The Internet, in its ubiquitous appeal in our lives, branches beyond the desktop and into giving users greater mobility and an array of freedom. It as well gives users more flexibility to express ideas and conduct activities. Its use generates data about what the users access, shares, comments on, and what the user buys and sells. Users may have a different life than what it appears to be in the physical, when considering the social media life that users can have and is posted on the Internet about others. Such communications and the characteristic data establish a profile of the users that far exceeds that of the day to day physical life of the cyberspace active individual or business. This intro seeks to set the stage for what can be possible infractions committed by a user of the Internet and what legal issues can arise. This is not intended to be an exhaustive treatment of the subject of torts but it hopefully gives a sense of possible concerns that users should acknowledge and attend. This post does not address cyberbullying, cyber harassment, stalking, and doxxing that also are prevalently occurring on the Internet.
We all see advertisements for lawyers and they are mostly formatted about a particular harm that either has occurred, is potentially possible, or a warning about the opportunity to make a claim regarding a possible civil harm for a lucrative class action suit. The realm of tort law is about a duty to not harm others or the duty to conduct activities and behaviors in such a way that it would not harm someone. The tort area of law addresses those acts that are intentional, negligent, based on a standard (strict liability) not contingent on fault, affect privacy, and have an economic impact. These types of torts are unlike the ones that arise on events of Internet torts.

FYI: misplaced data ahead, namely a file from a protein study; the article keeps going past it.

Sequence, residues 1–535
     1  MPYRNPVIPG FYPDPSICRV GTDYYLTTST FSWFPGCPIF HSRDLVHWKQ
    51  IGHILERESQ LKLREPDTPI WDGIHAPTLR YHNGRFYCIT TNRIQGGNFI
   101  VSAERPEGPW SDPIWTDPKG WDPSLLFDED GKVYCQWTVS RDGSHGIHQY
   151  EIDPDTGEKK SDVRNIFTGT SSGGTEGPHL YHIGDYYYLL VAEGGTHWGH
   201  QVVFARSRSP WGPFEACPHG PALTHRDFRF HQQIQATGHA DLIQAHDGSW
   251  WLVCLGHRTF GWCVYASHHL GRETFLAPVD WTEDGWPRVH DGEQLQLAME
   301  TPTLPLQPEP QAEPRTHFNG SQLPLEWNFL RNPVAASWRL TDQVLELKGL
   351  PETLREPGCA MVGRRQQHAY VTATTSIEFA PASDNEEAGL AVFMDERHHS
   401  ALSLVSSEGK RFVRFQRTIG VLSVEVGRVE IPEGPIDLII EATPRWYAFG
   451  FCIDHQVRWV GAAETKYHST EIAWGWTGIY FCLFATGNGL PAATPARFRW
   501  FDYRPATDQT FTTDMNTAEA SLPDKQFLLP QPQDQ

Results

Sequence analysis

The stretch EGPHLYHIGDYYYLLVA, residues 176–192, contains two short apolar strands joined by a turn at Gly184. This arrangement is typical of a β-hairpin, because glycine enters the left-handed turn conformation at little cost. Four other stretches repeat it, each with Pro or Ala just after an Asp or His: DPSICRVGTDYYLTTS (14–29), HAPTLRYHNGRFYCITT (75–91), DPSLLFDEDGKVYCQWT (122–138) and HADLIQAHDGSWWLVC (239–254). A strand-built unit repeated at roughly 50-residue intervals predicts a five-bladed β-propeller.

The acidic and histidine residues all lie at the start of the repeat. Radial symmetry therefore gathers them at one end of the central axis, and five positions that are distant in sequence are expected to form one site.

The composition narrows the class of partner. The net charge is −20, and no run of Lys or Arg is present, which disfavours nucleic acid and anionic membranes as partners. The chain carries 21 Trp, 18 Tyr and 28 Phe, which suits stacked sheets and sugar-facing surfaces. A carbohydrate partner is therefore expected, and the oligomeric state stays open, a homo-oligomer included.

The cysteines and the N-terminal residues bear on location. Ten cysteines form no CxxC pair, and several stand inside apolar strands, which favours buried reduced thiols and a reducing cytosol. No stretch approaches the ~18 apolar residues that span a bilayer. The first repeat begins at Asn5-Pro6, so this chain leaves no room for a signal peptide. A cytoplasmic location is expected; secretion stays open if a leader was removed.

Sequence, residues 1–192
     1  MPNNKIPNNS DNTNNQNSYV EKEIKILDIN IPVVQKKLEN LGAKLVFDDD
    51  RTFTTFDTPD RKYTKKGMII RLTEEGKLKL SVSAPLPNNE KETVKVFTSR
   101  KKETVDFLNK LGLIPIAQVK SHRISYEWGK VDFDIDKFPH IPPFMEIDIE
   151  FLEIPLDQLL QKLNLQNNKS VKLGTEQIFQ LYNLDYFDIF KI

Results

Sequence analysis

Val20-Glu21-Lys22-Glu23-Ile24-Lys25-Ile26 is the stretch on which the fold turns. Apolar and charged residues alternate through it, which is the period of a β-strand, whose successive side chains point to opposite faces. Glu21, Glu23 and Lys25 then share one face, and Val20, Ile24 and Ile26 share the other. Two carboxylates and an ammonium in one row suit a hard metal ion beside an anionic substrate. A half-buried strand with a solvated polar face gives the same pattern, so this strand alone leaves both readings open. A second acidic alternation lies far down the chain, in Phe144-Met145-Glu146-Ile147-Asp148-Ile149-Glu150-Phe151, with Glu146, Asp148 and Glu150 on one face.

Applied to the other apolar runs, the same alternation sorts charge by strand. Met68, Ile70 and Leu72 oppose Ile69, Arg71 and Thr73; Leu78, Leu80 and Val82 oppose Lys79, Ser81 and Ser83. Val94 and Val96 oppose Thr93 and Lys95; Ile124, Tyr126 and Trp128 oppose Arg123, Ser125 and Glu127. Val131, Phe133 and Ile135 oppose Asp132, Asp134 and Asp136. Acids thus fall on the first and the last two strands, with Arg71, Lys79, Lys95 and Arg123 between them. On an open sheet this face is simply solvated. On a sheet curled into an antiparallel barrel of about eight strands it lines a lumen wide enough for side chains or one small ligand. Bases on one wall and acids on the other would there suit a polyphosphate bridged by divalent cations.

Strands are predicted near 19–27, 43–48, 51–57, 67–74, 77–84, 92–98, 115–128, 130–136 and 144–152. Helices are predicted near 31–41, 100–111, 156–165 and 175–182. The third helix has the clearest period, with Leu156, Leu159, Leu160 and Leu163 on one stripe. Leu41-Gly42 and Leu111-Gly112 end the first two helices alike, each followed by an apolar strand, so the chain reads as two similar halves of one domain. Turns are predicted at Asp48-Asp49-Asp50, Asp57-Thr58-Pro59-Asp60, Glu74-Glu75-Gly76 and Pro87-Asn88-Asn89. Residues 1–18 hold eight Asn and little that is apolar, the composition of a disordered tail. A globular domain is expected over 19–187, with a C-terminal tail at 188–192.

Internet torts tend to cover the issues of privacy and intentional infliction of emotional distress. They may even cross the line of economic torts and commercial interference, along with defamation. The variant pertaining to privacy are related to the causes from unreasonable intrusion into someone seclusion, misusing someone’s name or image, publishing someone’s private information, and placing someone in a false light in the public eye. Not all states adhere to the latter of the four, the State of Florida being one that deems it related to defamation.
The online availability of information about someone to arise to the level of breaching someone’s seclusion would have to meet several criteria. The criteria for seclusion to be intruded requires intent to do so; the subject is one that the subject person has right to keep private; and the intrusion would be objected to by reasonable standards. The expectation of privacy is about the intrusion into some area of life that it is objectively deemed to be private. The online issue occurs when someone’s photo is taken in a public and posted on the Internet. The protections for facial recognition is currently being debated among the courts.